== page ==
Religious vocations just one fruit among many sowed at WYD ‘93

Among the many fruits of WYD Denver ’93, priestly and religious vocations abounded. Whether it was hearing the words of Saint John Paul II or witnessing the overwhelming catholicity of the Church, many chose to follow Christ in a radical way. Here are just four testimonies of priests and religious that attended the event and were deeply influenced by it.

Father Tobias Rodriguez-Lasa, Rector of Redemptoris Mater Seminary in Denver

DENVER, CO – AUGUST 31: The Very Rev. Tobias Rodriguez-Lasa poses for a portrait at the Archdiocese of Denver on August 31, 2016, in Denver, Colorado. (Photo by Daniel Petty/A&D Photography)

With a good job, money, vacations, girlfriend and a brand-new (red) sports car at age 29, young Tobias was not interested in the priesthood. He’d been to other WYD’s from his native country of Spain and didn’t feel like going to the one in Denver. Two things changed his mind: a good number of people from his parish were going and he felt empty. “By WYD ’93, I had everything society says you need to have a fulfilled life… but I was in a personal crisis, with a deep feeling that something had to change,” Father Tobias recalled.

Without knowing, God was already stirring something in his heart. “To my surprise, God was waiting for me here, and he called loud and clear… I thought it was crazy… getting myself into the discipline of seminary life was not precisely what I was looking for in life… But I could not deny the fact of the call,” he said. He believes, however, that God had originally called him to the priesthood in his high school years, but as he confessed, he “pushed it back into the very back burner.” His college friends even called him “the priest.”

After WYD ’93, he entered the seminary. “I entered with the wrong disposition, just to prove to myself and to God this was not the way,” Father Tobias recounted. Yet, to his surprise, he liked it so much that he lived his first two years of seminary life as in a “vacation camp.”

To my surprise, God was waiting for me here, and he called loud and clear…”

“I have been a priest for 16 years now, and I am amazed at the happiness, the fulfillment, the inner serenity and peace the paternity of God is giving me in this service,” he said. “I would recommend it to anyone, anyone whom God calls — even if you think, like I did, this is not what you want to do with your life.”

Father Randy Dollins, Vicar General and Moderator of the Curia

As a high schooler at Queen of Peace Parish, Father Dollins would receive more than he thought at WYD ’93 — so much that it would later lead him to find his vocation as a priest. The event turned out to be a big eye-opener for him and led him to be more open about his Catholic faith.

His first amazement was to encounter the universality of the Church: “I’d never conceived that the Church was as big as it was. I went to Queen of Peace but at WYD these people were from everywhere. That blew my mind,” he said.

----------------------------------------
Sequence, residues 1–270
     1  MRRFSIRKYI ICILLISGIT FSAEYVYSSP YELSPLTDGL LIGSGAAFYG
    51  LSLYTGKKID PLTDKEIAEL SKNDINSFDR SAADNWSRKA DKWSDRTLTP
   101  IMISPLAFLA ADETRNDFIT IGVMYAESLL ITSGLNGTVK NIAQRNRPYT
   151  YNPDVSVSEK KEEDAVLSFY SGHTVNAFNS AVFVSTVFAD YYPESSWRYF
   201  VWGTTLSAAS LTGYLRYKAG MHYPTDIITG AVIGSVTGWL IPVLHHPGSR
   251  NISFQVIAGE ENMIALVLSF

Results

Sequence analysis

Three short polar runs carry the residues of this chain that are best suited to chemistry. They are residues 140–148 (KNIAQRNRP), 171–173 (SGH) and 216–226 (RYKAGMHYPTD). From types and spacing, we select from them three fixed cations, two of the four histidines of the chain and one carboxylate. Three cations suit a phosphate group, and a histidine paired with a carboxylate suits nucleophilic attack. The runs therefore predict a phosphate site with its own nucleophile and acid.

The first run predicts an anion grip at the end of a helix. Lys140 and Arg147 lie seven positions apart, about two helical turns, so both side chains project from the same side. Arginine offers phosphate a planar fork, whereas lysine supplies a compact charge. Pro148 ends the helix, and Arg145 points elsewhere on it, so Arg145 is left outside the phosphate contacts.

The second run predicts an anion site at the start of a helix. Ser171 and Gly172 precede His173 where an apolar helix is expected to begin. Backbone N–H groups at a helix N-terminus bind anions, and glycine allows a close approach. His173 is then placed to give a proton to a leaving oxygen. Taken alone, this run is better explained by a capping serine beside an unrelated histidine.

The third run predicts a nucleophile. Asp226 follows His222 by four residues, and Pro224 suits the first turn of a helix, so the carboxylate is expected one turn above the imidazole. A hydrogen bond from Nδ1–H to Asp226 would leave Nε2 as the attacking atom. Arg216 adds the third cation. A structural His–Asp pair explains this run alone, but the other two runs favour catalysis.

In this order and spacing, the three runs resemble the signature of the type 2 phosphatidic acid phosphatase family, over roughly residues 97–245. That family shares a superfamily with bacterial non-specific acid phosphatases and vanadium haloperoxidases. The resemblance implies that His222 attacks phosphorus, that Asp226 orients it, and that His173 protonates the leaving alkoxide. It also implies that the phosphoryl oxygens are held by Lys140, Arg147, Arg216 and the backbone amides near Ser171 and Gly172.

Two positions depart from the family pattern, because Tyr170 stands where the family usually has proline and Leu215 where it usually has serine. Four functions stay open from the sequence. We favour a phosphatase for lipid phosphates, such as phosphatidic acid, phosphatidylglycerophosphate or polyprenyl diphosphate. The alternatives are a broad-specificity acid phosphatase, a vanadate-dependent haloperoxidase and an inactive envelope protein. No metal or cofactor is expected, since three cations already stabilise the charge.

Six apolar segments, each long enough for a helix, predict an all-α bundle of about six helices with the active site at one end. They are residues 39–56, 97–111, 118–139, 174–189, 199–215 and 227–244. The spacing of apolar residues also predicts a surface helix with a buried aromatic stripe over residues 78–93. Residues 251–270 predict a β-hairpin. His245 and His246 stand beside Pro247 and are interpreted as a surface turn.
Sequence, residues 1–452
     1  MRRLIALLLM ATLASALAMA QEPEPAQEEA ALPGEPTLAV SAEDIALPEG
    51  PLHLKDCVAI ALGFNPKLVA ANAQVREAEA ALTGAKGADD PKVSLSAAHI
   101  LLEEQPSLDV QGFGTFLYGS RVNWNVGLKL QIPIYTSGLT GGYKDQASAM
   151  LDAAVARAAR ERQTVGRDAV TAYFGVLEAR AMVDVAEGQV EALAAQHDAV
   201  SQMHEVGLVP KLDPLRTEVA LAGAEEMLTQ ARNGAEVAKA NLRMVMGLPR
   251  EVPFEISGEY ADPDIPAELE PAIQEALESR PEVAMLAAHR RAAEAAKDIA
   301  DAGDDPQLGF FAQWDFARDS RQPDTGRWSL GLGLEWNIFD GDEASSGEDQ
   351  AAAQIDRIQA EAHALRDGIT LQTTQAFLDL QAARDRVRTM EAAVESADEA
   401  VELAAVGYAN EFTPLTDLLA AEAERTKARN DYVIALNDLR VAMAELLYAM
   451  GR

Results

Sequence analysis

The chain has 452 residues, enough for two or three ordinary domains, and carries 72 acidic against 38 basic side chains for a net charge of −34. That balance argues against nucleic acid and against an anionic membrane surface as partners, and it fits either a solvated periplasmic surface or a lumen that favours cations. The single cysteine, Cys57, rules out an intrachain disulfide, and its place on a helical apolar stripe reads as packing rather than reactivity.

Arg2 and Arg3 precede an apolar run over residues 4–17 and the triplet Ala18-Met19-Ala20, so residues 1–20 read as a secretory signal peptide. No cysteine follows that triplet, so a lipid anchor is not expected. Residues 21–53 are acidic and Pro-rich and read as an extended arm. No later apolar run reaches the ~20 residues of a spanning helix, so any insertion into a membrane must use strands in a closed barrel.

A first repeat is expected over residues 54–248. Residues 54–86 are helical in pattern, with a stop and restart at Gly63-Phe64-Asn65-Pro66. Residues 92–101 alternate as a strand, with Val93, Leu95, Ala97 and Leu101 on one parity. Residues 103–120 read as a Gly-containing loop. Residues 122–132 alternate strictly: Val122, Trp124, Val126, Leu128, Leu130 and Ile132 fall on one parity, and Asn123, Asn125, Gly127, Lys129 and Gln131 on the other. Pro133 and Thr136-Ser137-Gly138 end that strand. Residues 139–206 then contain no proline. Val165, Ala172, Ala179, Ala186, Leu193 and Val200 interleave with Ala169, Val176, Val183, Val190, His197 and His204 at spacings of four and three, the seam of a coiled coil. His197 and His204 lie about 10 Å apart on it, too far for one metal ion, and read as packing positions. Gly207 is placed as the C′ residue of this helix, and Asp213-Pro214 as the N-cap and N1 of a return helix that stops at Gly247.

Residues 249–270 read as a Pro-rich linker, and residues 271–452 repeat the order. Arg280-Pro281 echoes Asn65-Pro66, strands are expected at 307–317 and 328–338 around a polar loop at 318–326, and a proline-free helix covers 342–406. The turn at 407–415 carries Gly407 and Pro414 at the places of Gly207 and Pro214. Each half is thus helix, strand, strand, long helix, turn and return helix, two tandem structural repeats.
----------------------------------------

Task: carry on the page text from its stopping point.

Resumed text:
His second surprise was key for his vocation, and that was realizing it was “cool” to be a priest. “The atmosphere was so positive for the pope and for priests that you could step out of what society was thinking and think, ‘it would be good to be a priest. It would be supported by people,’ because priests are kind of celebrities at WYD. That expanded into thinking that being a Catholic was actually cool,” he recalled.

The seed that was planted would bear its fruit after WYD ’97 in Paris, to which he took a group of young men and women, so they could experience what he experienced. There, he met Archbishop Chaput, who talked to him about the priesthood and entering the seminary.

His most vivid memory is being amazed at the figure of the pope. “I didn’t know the pope was that big of a deal. I knew the pope was the head of the church but at WYD people were going absolutely nuts for him. So, I was just saying, ‘I think I missed something.’ I remember sitting there and thinking, ‘being Catholic is a lot more than I thought.’

The atmosphere was so positive for the pope and for priests that you could step out of what society was thinking and think, ‘it would be good to be a priest.”

“But when the pope came in and I saw his charisma I said, ‘I understand why this guy is such a big deal.’ I was witnessing the appearance of a living saint, so you’re confused when you don’t know how to categorize it,” Father Dollins concluded.

Sister Mary Concepta, Local Superior of the Sisters of Life in Denver

Sister Mary Concepta was deeply inspired by World Youth Day 1993, and it played a major role in her call to religious life.

Growing up as a Catholic in Maine was not easy for Sister Mary Concepta. Witnessing only her family practice the faith among friends and acquaintances made Catholicism seem lonely. That idea changed radically when she attended WYD ’93 as a high school student, which set her on a journey that would lead her to the religious life.